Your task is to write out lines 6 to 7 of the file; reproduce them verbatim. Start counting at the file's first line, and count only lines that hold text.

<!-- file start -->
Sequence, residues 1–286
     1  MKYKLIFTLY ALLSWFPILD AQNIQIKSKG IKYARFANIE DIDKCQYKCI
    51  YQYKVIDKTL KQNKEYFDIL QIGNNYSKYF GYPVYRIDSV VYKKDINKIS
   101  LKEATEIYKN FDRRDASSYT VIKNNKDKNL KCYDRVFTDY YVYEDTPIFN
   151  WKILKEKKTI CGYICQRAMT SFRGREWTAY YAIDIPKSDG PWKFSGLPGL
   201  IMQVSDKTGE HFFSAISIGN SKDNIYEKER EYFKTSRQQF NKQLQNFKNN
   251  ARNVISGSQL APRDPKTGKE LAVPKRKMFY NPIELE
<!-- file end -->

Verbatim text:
   201  IMQVSDKTGE HFFSAISIGN SKDNIYEKER EYFKTSRQQF NKQLQNFKNN
   251  ARNVISGSQL APRDPKTGKE LAVPKRKMFY NPIELE